Robotics software is used to program robots, instructing the machine to perform certain autonomous tasks. Specifically, it is the coded commands that control a robot's actions and movements in order to complete a task. Robotics software can perform functions and automate functions to be performed. With robot manufacturers typically providing their own software, there are many different robotic software packages in existence with a lack of programming standardization for robots. However, manufacturer-agnostic systems and frameworks have also been developed.
There are similarities between the different proprietary systems, with most robotics software programs consisting of four major parts:
- Declarations and variables—files outlining variables and defining constants in the program
- Subroutines and functions—the creation of blocks of code to minimize errors of repetition
- Initialization—the starting point of the main routine
- The main loop—awaits the sensor, timer, and other inputs and initializes the proper reaction/movement of the robot
Robotic software platforms are packages that simplify robot programming. Often these platforms are applicable to multiple kinds of robotic devices through the creation of a unified programming and service execution environment and a library of reusable components. Typically platforms also provide debugging and simulation modules and a package of drivers for common robotic hardware to maximize integration.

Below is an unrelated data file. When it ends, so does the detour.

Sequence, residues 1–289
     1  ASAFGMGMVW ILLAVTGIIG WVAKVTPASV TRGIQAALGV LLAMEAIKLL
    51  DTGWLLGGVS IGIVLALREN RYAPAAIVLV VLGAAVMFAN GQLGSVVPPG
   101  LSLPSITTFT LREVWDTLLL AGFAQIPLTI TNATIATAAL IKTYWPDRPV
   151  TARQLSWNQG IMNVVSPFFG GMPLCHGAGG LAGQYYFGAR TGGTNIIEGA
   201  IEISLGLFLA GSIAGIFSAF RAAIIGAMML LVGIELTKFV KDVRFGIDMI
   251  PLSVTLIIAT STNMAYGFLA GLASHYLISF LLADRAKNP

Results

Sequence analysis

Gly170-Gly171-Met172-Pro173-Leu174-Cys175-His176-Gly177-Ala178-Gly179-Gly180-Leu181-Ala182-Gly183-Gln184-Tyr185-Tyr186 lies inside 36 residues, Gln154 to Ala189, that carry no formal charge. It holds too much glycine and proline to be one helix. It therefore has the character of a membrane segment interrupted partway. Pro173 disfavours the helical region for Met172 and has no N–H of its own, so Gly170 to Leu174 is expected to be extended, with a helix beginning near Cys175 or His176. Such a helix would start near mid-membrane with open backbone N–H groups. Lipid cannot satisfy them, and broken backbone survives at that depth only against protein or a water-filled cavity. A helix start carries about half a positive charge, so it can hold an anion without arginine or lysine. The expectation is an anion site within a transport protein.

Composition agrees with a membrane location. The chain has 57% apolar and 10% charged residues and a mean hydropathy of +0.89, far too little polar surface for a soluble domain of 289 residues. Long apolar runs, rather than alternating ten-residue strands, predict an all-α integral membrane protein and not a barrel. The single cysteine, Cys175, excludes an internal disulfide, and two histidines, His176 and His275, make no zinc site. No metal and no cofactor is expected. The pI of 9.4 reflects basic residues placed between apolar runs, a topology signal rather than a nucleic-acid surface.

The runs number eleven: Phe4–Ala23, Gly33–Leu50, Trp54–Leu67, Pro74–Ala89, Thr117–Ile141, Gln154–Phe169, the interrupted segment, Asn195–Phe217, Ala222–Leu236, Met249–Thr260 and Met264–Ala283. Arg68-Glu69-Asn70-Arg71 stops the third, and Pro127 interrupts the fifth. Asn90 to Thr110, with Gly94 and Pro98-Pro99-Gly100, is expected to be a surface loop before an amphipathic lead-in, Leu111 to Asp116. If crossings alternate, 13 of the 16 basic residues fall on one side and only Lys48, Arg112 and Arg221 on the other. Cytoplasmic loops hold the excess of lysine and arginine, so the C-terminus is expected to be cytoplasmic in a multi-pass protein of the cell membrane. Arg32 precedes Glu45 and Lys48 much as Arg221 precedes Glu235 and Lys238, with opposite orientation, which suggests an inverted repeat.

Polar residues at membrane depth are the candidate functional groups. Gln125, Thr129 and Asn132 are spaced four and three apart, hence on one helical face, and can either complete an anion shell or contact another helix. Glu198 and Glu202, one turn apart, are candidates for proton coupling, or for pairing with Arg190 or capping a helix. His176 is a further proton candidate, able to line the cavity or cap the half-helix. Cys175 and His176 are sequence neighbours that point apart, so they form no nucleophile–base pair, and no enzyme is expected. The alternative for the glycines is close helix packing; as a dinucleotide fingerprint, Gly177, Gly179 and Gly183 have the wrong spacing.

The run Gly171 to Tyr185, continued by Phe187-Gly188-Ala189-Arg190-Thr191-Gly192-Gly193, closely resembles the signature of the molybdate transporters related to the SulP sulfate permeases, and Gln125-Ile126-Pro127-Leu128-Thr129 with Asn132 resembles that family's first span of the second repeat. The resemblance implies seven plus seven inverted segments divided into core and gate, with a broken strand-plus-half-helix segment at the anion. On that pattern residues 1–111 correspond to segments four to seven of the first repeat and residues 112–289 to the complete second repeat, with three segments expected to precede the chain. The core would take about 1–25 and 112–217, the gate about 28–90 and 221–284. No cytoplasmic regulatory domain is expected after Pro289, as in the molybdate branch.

Robotics are generally programmed using simulations—virtual models emulating real-world processes, conditions, and environments. This means generating a model of the robot that includes both the physical design and the programming code often using 3D modeling and rendering. With a virtual model, a complete set of input variables can be cycled to present loading and other scenarios of concern. Simulation provides advantages:
- Costs can be reduced for new robot designs
- Code can be tested to specifications
- Modifications can be made without costs
- Individual components can be tested
- Projects can be separated into manageable chunks
- A virtual model that is not as robust as the real world
- Limitations of simulation and their programming